The English curriculum is based on the belief that language learning is critical to responsible and productive citizenship, and that all students can become successful language learners. The curriculum is designed to provide students with the knowledge and skills that they need to achieve this goal. It aims to help students become successful language learners.
Successful language learners:
- understand that language learning is a necessary, life-enhancing, reflective process;
- communicate – that is, read, listen, view, speak, write, and represent – effectively and with confidence;
- make meaningful connections between themselves, what they encounter in texts, and the world around them;
- think critically;
- understand that all texts advance a particular point of view that must be recognized, questioned, assessed, and evaluated;
- appreciate the cultural impact and aesthetic power of texts;
- use language to interact and connect with individuals and communities, for personal growth, and for active participation as world citizens.
The English curriculum takes into account that students in Ontario come from a wide variety of backgrounds and that every student has a unique set of perspectives, strengths, and needs. Instructional strategies and resources that recognize and reflect the diversity in the classroom and that suit individual strengths and needs are therefore critical to student success.
Students need to become familiar with the works of recognized writers from their own and earlier eras. By reading a wide range of materials and being challenged by what they read, students become receptive to new and widely varying ideas and perspectives, and develop their ability to think independently and critically.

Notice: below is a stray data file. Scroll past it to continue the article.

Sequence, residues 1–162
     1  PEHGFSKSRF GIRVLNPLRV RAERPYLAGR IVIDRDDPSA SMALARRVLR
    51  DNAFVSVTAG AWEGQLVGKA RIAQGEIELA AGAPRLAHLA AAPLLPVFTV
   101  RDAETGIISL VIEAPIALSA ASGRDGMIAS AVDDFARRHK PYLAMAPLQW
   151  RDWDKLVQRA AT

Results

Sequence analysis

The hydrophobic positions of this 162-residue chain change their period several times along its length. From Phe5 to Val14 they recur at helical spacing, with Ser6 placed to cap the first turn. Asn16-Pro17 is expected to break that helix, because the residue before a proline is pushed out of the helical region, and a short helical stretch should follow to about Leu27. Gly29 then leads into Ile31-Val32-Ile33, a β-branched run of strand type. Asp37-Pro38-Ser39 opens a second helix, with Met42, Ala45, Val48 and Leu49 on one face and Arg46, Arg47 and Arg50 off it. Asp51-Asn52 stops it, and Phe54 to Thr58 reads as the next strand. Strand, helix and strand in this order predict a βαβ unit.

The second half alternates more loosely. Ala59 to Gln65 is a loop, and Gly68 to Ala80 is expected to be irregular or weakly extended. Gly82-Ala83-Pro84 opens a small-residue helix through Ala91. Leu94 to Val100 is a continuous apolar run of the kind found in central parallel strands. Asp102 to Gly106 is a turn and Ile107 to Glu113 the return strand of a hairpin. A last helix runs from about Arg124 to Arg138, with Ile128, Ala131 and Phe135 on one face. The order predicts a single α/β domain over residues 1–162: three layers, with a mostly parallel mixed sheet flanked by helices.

Research has also shown that effective readers and writers unconsciously apply a range of skills and strategies as they read and write. By identifying and explicitly teaching these skills and strategies, teachers enable all students to become effective communicators. The English curriculum focuses on comprehension strategies for listening, viewing, and reading; on the most effective reading and writing processes; on skills and techniques for effective oral and written communication and for the creation of effective media texts; and on the language conventions needed for clear and coherent communication. In addition, it emphasizes the use of higher-level thinking skills, including critical literacy skills, to enable students to understand, appreciate, and evaluate what they read and view at a deeper level, and to help them become reflective, critical, and independent learners.